By CHADI NABHAN
She was a successful corporate lawyer turned professional volunteer and a housewife.
He was a charismatic, successful, and world-renowned researcher in gastrointestinal oncology. He was jealous of all breast cancer research funding and had declared that disease his nemesis.
They were married; life was becoming a routine, and borderline predictable. Both appeared to have lost some appreciation of each other and their sacrifices.
Then, she saw a lump, and was diagnosed with breast cancer. Not any breast cancer, but triple negative breast cancer. The kind that is aggressive and potentially lethal. The year was 2006, and their lives was about to change forever.
This is the story of Liza and John Marshall, who decided after 15 years of Liza’s diagnosis to disclose all, get all their secrets out in the open, and “off their chests”. They did so by writing a book that I read cover to cover and could not put down.
The authors decided to not only share their cancer journey as a patient and a caregiver, but also to share much of their personal and intimate details. They wanted us to know who they are as people, beyond patient and oncologist husband. We got to know how they met, when they met, and how they fell in love from the first sight. We got to know some corky personal details, and as a reader, I felt that I was part of their household. John shares how losing his mother at a young age to lymphoma affected him personally and professionally. We learn that they attend church every Sunday. Both are people of faith and they let us know how their faith helped them during these challenging times. Losing a dear friend to breast cancer took a toll and certainly made them less certain whether Liza’s fate would be any different.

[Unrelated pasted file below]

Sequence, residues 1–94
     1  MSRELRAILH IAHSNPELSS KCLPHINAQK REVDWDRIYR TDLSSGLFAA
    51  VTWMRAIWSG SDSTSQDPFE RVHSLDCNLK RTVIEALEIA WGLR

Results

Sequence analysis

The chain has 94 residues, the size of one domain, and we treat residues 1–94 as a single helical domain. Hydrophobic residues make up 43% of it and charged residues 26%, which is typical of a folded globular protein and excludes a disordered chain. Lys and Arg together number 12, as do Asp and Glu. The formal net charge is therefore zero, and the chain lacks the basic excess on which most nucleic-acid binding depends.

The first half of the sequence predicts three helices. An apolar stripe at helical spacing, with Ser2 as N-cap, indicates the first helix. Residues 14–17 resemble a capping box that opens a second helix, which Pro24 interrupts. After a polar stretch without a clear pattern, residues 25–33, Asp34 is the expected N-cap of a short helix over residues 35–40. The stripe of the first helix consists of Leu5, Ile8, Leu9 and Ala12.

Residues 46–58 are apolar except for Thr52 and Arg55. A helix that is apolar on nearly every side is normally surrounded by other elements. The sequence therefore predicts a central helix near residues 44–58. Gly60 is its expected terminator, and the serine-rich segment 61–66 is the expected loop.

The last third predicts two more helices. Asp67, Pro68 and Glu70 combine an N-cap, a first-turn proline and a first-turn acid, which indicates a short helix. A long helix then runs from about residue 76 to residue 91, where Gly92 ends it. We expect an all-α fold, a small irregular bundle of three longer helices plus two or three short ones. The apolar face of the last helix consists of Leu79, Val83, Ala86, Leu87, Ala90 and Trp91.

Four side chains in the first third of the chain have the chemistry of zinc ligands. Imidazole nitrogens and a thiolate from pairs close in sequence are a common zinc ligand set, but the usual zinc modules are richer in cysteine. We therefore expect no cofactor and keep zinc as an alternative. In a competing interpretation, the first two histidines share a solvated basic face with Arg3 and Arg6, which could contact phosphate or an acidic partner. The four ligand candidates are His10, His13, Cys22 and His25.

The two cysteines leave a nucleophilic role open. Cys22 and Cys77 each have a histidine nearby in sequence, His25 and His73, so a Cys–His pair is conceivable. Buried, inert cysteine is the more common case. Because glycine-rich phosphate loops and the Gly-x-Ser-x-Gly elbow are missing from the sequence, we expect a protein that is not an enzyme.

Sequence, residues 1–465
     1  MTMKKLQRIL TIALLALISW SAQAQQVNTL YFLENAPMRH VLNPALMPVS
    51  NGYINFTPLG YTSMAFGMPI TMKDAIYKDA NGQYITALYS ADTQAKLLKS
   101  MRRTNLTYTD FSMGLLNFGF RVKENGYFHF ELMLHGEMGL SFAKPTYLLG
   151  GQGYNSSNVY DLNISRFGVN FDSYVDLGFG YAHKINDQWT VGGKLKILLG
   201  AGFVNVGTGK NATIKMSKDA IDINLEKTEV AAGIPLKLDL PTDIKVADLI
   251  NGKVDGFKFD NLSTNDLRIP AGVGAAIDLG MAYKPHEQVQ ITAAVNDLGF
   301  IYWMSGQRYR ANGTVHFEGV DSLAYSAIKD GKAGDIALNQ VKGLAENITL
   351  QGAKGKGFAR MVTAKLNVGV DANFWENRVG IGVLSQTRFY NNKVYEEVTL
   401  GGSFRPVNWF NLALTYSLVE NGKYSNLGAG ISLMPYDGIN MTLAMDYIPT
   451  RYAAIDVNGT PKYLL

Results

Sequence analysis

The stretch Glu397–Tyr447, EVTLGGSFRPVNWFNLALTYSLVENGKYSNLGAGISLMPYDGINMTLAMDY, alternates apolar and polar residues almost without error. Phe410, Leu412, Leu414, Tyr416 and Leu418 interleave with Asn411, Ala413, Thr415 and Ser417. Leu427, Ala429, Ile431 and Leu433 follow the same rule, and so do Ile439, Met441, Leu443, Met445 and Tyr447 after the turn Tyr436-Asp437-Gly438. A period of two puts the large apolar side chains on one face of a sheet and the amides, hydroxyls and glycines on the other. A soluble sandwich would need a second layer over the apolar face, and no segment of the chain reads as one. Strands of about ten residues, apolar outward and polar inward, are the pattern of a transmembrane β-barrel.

They alternate writing chapters so that we get to know various events and stories from their sometimes-opposing points of view. We get to understand how a cancer diagnosis affects a caregiver, who happens to be a busy academic oncologist with little time to spare in between clinical practice and traveling for his work. At some point, John expresses resentment that all of the attention was being diverted towards his wife -the patient- and that he was left alone with few people caring how he felt and what struggles he was going through.Continue reading…